How can I solve the problem?


Setting the Key parameter to 0 is correct, but you need to do it in the OnKeyPress event instead of the OnKeyUp event:

Code: Select all
void __fastcall TForm9::Edit1KeyPress(TObject *Sender, Char &Key)
{
   if (Key == VK_RETURN) {
      Key = 0; // To remove beep
      ...
   }
}


Also, don't use the global Form9 pointer inside of methods of the TForm9 class. Use the implicit 'this' pointer instead.

And I would suggest using a 'switch' statement instead of a series of 'if' statements.

Try this:

Code: Select all
void __fastcall TForm9::Edit1KeyPress(TObject *Sender, Char &Key)
{
   if (Key == VK_RETURN) {
      Key = 0; // To remove beep
      switch (RadioGroup1->ItemIndex) {
         case 0:
         case 3:
            Edit2->SetFocus();
            break;
         case 1:
         case 4:
            Edit3->SetFocus();
            break;
         ...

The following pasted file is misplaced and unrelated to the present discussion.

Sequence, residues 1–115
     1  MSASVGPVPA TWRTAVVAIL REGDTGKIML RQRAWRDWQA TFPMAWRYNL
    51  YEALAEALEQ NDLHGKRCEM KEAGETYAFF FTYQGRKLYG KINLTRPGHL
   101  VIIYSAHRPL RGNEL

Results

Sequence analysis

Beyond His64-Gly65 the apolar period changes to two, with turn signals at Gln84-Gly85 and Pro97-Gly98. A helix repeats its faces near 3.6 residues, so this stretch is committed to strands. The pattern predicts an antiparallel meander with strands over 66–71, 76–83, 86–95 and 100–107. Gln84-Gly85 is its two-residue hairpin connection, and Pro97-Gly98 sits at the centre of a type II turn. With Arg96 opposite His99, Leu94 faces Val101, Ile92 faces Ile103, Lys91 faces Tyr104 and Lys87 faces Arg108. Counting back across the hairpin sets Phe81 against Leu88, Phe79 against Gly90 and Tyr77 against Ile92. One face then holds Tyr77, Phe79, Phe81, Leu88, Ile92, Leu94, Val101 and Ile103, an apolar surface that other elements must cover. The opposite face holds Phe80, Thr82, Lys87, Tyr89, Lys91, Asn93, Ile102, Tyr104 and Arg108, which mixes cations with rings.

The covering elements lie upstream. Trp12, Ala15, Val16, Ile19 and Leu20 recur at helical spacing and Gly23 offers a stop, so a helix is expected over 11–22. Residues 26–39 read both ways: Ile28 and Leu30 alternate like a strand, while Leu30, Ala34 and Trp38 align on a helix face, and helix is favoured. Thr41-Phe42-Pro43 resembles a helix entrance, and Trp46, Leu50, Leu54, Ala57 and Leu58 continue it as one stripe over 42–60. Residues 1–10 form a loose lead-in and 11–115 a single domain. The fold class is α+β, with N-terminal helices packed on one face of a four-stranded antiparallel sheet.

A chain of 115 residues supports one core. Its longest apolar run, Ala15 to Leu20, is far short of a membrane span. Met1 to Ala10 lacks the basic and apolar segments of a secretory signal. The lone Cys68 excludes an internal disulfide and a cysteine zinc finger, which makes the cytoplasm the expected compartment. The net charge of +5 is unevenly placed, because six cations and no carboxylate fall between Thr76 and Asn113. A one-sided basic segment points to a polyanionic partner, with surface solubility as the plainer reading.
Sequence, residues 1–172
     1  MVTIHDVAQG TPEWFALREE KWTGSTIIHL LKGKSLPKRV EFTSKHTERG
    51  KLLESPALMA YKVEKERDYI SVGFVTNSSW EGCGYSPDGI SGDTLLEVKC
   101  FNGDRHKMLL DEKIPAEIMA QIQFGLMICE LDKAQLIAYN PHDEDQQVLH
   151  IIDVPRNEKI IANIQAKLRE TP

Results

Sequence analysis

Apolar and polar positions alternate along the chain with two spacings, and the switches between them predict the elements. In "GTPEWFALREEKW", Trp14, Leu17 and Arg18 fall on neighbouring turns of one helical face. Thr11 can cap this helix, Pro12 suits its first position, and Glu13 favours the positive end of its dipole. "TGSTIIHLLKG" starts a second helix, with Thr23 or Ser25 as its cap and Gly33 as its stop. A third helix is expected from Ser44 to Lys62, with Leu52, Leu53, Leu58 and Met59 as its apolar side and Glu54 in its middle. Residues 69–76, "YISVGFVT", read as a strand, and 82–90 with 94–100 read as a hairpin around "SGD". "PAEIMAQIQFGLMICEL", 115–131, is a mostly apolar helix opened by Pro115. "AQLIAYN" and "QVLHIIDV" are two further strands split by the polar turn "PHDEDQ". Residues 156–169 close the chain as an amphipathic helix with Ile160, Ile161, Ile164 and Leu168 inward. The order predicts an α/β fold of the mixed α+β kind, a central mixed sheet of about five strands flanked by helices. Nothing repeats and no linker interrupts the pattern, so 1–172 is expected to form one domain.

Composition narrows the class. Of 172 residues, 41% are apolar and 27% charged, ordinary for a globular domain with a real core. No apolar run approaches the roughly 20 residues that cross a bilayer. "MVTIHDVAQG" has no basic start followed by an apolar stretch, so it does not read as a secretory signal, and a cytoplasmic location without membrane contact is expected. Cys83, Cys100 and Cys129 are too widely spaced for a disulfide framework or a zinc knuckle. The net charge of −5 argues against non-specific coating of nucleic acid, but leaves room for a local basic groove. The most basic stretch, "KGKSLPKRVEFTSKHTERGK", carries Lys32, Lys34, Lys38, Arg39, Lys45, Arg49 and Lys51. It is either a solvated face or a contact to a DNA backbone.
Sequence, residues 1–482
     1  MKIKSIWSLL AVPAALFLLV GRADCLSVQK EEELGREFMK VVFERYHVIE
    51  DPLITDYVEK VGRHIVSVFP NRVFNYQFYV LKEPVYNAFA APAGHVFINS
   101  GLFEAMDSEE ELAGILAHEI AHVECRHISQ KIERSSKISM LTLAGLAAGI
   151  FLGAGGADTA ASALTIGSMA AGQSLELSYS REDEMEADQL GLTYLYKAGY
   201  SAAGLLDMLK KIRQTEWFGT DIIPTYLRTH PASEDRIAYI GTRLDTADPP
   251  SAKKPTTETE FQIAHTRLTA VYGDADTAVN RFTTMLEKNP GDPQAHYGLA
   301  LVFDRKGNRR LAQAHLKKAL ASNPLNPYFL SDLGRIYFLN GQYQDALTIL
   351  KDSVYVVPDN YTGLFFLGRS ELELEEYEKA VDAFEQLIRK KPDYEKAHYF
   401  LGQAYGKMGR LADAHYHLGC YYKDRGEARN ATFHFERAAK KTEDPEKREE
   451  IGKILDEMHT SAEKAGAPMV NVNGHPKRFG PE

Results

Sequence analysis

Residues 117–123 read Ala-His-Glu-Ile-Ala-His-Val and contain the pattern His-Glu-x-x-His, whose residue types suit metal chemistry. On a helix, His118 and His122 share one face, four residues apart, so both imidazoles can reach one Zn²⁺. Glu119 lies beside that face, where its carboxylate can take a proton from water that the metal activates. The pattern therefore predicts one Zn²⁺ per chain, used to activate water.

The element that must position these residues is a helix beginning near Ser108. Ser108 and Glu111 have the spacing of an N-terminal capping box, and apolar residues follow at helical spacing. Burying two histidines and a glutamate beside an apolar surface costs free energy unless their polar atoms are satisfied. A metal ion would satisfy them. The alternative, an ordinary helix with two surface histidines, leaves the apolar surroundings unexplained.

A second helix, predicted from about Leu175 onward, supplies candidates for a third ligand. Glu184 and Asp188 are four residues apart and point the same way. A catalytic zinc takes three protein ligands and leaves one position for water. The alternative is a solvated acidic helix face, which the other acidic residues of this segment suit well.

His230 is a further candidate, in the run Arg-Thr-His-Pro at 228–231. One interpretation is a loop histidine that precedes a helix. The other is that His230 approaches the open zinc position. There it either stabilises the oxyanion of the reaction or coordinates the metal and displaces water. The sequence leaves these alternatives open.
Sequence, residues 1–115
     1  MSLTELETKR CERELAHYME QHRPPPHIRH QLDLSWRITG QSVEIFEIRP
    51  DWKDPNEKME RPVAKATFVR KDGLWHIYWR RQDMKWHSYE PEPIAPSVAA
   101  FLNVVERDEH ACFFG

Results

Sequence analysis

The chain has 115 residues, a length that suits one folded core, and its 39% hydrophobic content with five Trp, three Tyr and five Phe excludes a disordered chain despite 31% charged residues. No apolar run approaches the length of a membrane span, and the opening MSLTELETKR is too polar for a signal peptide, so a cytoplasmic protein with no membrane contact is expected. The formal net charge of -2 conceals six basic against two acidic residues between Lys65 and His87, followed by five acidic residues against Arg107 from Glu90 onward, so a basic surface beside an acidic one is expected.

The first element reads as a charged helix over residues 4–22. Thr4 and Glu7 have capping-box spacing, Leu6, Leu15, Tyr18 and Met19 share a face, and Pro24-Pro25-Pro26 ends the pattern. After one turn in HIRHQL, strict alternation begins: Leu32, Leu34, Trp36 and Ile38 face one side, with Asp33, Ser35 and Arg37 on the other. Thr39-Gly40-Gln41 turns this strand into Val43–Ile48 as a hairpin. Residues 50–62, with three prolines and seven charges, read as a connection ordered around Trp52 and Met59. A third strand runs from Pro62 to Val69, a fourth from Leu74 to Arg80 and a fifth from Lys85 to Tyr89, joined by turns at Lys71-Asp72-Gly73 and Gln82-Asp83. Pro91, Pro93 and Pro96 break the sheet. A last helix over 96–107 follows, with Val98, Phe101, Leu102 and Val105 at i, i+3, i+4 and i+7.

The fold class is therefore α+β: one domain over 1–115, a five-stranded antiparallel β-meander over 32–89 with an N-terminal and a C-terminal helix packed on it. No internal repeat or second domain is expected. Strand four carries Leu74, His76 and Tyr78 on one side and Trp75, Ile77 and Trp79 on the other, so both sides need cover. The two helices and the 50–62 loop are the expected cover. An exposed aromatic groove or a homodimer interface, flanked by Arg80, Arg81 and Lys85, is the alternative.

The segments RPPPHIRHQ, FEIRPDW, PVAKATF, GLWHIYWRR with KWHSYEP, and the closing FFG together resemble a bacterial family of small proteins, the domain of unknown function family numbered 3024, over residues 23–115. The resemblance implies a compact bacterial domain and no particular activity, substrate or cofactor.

}
   }
}
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Re: How can I remove Beep when I press Enter key?

Postby Augusto » Mon Jan 15, 2018 4:10 pm

rlebeau wrote:Setting the Key parameter to 0 is correct, but you need to do it in the OnKeyPress event instead of the OnKeyUp event:

Code: Select all
void __fastcall TForm9::Edit1KeyPress(TObject *Sender, Char &Key)
{
   if (Key == VK_RETURN) {
      Key = 0; // To remove beep
      ...
   }
}


Hi rlebeau,
Yes, you are right!
I am asking to myself why I have used "KeyUp" instead of "KeyPress".
I admit, it's my fault.
Can be I have done this mistake the first time and then I have repeated it on all the rest.